Overall turnout increased slightly between the February general and April runoff elections in precincts that Lightfoot carried in February, precincts that went heavily to Johnson in the runoff.
Younger voters made their mark
Overall, younger voters are still underrepresented in the electorate relative to their share of the population. But in the runoff, at least 6,000 more Gen Z and younger millennial voters cast ballots compared to the general election.
The increase is based on preliminary turnout reported at the end of April 4 and it’s unclear how ballots cast by voters 35 years old and older will change. If patterns from February hold, there may be a higher percent change in ballots cast for voters 25 to 34 years old and for those 35 to 44 years old than other age groups. Among mail-in ballots that came in after the Feb. 28 general election, at least twice as many ballots were received from voters ages 25 to 34 and 35 to 44 compared to other age groups.
Where are the remaining ballots?
In February’s election, roughly half of the outstanding mail-in ballots as of Feb. 27, the day before Election Day, were returned and counted, according to Max Bever, director of public information at the Chicago Board of Election Commissioners. Assuming a similar rate of return, there will likely be about 45,000 ballots returned of the 90,000 outstanding mail-in ballots as of April 3, the day before the runoff election.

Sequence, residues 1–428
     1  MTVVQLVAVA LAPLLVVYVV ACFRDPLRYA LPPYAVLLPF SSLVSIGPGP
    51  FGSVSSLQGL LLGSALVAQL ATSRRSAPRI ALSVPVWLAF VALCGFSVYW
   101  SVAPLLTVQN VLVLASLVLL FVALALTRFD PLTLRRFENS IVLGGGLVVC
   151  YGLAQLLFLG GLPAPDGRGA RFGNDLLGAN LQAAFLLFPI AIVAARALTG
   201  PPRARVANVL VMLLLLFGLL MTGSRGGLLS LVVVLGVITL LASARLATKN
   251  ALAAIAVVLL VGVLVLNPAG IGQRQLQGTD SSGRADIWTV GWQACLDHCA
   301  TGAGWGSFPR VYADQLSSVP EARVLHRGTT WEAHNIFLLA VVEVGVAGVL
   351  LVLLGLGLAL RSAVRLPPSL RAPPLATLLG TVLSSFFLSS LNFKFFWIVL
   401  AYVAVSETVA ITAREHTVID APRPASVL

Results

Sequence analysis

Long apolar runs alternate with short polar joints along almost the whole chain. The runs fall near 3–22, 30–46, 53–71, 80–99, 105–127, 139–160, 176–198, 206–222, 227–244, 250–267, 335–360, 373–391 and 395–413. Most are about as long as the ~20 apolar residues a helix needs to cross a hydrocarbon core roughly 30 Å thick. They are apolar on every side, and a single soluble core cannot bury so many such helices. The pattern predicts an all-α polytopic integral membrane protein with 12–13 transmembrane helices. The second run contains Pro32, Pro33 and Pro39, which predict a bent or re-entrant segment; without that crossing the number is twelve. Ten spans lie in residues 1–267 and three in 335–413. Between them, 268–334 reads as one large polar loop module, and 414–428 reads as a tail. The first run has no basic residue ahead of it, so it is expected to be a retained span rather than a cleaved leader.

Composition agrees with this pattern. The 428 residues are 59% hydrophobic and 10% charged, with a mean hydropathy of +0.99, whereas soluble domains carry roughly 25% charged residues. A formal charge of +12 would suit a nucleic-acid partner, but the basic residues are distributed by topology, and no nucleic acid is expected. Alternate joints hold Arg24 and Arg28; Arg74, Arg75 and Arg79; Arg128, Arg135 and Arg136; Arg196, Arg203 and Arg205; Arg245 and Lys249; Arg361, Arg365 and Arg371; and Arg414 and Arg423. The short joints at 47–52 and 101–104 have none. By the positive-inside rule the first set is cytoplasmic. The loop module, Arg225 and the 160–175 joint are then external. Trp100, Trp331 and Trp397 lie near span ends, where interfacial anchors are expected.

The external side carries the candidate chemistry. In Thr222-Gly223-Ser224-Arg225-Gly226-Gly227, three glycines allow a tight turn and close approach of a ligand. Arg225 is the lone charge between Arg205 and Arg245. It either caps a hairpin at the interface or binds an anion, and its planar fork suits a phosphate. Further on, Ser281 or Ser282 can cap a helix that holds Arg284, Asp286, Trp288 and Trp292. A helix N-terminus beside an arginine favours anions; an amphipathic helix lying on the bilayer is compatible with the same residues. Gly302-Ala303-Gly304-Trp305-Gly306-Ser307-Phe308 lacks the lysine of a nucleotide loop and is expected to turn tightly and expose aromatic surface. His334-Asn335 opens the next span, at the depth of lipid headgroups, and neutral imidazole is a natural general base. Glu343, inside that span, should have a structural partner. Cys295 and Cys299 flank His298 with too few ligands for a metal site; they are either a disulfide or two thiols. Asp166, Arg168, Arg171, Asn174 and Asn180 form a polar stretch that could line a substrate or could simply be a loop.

As of April 12, about 54,000 of those outstanding mail-in ballots have been received by the elections board, according to Bever. There are now 34,000 outstanding mail-in ballots that have not been returned.
The 32nd, 44th, 47th, 2nd, and 1st wards — all on the city’s North Side or downtown — are the top five wards with the highest number of unreturned mail-in ballots. The 32nd and 2nd wards went for Vallas and the 44th, 47th and 1st wards went for Johnson.